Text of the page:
Anyway, as I was saying before I so rudely interrupted myself.....
So of course I put in that call to Orange customer services, listened to the lovely muzak, pressed what I thought were all the right buttons and eventually got through to a human voice to explain my "plight".
After asking me innumerable questions and checking through my records, I was informed that in fact my problem (or that of the 'phone) was a technical one and I would have to talk to someone from that department.
"Please hold the line and I'll transfer you," followed by some more muzak.
Moments later up pops another person, to whom I relate my story, same questions but different record. Apparently they had no trace of my having changed my 'phone or forfait the previous year and as far as they were concerned I still had my old Motorola.
Before proceeding with my problem I would "have to contact customer services for them to update my details."
Ah yes privatisation and modern technology have certainly been compounded by French bureaucracy and simple human error - a lethal cocktail at the best of times. As far as Orange is concerned it would appear that it's up to the customer to check that the records the company has are up-to-date and not the other way around.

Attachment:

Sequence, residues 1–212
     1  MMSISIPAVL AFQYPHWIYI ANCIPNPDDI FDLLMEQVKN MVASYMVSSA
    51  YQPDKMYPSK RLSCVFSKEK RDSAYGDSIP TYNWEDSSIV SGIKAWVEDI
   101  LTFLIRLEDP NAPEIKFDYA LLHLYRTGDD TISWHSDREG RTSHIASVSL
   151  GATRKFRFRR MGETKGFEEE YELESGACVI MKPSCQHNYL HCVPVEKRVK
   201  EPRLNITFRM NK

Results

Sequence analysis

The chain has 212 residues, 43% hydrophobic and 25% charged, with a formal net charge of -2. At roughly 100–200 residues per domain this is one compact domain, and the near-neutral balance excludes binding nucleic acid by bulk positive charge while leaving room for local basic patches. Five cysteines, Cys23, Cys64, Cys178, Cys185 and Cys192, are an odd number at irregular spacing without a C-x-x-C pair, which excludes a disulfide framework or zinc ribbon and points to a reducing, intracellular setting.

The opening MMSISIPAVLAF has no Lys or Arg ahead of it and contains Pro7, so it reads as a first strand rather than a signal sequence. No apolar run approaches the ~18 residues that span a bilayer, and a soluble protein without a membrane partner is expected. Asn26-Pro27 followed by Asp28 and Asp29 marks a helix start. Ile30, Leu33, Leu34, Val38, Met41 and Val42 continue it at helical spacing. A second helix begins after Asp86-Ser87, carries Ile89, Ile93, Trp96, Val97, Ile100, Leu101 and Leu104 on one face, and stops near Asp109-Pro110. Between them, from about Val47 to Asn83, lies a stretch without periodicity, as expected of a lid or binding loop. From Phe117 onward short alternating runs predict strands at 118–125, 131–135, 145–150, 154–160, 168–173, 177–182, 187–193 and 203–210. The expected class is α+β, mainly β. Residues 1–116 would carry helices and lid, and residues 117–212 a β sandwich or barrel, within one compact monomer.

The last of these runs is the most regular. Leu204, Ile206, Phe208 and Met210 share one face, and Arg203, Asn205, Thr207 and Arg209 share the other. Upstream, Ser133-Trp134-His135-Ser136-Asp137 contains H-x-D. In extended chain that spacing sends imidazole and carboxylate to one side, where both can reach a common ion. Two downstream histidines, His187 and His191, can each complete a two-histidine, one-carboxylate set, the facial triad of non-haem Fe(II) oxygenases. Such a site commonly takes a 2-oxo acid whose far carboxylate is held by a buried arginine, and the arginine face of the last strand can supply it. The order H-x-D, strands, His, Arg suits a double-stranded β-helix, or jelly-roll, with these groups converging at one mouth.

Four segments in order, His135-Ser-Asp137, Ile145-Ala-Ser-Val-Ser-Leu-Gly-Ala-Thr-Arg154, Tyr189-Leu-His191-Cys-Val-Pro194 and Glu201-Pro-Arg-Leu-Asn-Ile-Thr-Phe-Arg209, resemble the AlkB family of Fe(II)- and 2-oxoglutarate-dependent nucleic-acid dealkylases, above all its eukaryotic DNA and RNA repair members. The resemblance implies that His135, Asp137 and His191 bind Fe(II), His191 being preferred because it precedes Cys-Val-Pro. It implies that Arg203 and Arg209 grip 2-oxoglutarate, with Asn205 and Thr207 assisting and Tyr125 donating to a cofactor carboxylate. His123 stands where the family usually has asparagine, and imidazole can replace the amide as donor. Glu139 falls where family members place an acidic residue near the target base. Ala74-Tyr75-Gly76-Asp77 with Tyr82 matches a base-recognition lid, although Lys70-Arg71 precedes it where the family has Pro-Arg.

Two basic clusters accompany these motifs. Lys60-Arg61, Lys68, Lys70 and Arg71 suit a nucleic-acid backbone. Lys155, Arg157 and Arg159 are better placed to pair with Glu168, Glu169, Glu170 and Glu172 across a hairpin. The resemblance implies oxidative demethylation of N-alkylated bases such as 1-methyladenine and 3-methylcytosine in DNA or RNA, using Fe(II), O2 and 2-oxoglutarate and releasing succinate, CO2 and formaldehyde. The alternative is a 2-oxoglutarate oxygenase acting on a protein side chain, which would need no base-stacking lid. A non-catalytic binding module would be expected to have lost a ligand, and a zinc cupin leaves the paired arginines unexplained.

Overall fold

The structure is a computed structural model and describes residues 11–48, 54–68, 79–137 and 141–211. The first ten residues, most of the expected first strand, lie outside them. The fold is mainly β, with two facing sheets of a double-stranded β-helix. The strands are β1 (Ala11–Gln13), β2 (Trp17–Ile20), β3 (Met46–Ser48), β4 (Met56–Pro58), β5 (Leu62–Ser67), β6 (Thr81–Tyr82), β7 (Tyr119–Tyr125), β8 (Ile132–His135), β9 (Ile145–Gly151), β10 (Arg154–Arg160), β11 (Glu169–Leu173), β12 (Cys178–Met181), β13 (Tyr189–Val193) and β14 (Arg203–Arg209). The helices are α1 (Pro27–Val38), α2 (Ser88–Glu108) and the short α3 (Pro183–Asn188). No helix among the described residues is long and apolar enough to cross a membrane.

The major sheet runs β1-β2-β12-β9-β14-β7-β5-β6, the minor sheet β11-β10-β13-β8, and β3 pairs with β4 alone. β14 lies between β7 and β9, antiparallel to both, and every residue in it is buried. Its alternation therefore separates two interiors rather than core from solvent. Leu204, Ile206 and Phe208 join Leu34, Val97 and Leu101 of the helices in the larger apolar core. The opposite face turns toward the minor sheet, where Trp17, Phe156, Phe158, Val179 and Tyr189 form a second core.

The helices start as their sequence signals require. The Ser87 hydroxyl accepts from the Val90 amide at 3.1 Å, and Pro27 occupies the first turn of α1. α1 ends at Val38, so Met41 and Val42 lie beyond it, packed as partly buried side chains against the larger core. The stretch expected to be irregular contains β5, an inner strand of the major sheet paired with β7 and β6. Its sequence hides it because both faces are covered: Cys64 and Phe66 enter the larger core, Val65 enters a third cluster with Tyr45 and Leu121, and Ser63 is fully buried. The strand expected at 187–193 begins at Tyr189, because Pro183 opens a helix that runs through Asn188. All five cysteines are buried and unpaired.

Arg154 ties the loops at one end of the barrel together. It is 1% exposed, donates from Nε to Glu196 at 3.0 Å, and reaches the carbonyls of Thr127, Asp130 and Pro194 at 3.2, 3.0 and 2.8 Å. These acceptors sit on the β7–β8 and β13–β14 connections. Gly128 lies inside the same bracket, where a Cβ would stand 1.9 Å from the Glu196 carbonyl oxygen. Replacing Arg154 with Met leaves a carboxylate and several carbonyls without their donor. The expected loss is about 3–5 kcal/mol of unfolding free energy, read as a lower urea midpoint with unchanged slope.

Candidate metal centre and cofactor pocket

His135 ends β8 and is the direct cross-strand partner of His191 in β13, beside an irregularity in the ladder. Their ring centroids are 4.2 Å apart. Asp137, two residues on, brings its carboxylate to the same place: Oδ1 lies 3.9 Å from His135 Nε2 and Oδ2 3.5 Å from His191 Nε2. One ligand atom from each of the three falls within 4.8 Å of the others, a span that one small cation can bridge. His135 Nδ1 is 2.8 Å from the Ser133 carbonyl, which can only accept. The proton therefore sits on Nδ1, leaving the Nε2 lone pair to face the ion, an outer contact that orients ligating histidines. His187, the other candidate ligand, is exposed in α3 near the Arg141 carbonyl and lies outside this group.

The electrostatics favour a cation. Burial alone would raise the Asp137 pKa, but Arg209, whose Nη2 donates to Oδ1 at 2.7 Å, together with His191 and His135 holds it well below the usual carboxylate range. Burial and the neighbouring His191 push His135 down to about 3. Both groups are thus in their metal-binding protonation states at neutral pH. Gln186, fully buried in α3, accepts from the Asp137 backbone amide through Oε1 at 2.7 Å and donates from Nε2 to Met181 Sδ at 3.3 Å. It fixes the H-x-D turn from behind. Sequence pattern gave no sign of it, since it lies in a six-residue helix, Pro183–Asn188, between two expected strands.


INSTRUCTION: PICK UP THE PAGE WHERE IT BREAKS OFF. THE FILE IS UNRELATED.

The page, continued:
C'est la vie.
So another call, more number pressing and of course a different person back at customer services to whom I can tell my story for the third time.
There then followed an interlude - no muzak this time around just that eery silence that is the prelude to the creeping realisation that even in this modern era it is still possible to be "cut off" in one's prime.
The fourth attempt to an inevitably new voice actually yielded some results. Yes their records said I currently had a Nokia and they would ensure that the technical department was informed. Moreover if I had a problem with the 'phone they (customer services) could send me a replacement and would I like them to do that?
Well yes, that might be the solution I thought, and hastily agreed.
"But in the meantime you might want to check your SIM card in another 'phone (as if I had access to multiple mobiles) just to test whether that's where the problem lies. In which case you would need to contact the technical services to have them issue another one - SIM card that is."